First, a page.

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    This means the environment is not stable and more species need to be introduced. Development has destructed species habitats therefor species no longer adapted enough to cope with the environmental condition. ( probably not right)
    2) DNA polymerase forms a covalent bond between the free nucleotides and its exposed bases in DNA replication.
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    (Original post by g.k.galloway)
    Not specifically but...

    Outline the process of protein synthesis with regard to transcription and translation [8 ish]
    Transcription:

    Gene is exposed by breaking the hydrogen bonds between nitrogenous bases.

    mRNA forms complementary strand RNA.
    RNA Leaves nucleus through nuclear pore

    Transcription
    RNA arrives at ribose
    tRNA gather amino acid in triplet order of RNA.

    Forms peptide bond

    Sill stop codon and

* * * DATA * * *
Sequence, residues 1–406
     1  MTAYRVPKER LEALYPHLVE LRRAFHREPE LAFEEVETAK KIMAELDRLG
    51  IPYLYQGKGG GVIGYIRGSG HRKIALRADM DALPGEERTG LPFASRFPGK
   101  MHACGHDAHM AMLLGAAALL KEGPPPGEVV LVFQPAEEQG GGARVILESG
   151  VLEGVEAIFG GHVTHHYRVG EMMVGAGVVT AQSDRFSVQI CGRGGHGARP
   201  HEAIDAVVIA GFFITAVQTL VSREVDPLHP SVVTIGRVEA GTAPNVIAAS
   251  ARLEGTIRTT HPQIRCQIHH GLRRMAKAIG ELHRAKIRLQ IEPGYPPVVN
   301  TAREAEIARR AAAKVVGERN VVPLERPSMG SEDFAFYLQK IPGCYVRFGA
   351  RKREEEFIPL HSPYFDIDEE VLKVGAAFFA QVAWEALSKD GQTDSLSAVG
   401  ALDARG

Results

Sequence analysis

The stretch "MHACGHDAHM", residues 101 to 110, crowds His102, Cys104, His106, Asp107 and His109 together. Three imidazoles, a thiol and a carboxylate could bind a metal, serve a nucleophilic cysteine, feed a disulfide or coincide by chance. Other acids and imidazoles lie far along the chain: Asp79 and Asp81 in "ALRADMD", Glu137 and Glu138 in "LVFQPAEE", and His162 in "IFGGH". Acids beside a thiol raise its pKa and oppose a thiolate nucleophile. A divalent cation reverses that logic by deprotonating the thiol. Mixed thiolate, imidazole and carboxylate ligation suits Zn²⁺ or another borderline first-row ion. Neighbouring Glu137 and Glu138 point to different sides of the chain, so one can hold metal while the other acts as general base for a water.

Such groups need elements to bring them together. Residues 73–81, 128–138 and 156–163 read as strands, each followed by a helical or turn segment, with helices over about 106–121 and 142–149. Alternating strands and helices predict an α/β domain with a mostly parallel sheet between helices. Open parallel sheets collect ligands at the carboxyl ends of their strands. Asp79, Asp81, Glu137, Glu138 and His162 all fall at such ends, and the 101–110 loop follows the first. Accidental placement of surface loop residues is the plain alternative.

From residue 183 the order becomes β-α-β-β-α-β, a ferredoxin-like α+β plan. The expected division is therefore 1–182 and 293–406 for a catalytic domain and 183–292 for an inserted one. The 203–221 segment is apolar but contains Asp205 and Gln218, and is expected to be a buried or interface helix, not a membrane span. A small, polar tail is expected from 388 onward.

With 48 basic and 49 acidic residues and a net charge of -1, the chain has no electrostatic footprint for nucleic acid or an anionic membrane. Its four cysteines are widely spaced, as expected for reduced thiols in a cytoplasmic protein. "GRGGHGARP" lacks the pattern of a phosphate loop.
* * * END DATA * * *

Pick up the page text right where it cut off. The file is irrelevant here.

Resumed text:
Protein released by ribosome
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    (Original post by SheriB)
    Thanks so muck i honestly didnt think anyone would have answered me.

    how do micro organism cause food spoilage?
    no problem,

    visible growth growing colonies on food
    using an external digestion process to release enzymes that break down the food molecules

    i need to know another one, do u know?
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    (Original post by milworthy)
    IN SITU
    advs: larger populations can be monitored, organisms are kept within their natural environment to which they are adapted. Animals can select their mates, the size of the gene pool is maintained (lower chance of inbreeding and disease susceptability), animals can still be tagged and tracked. nature parks can be set up which can protect animals from hunting, and these areas can also be used for scientific research and leisure activities such as hiking so there are benefits for everyone.

    disadvantages- it is harder to monitor the health of members of larger populations. Also, it is difficult to enforce hunting laws and many will continue to poach or log illegally. There is high competition in the wild and it might be difficult for some species to survive- and there is an increased mortality amongst the young. When you set up areas for nature reserves, this can often cause conflicts with the locals who can no longer use the land- for example for religious reasons (such as sacred sites for prayer). Tourists in the area can also feed protected animals which causes them harm.
    This is fantastic, Can you please do ex situ too ??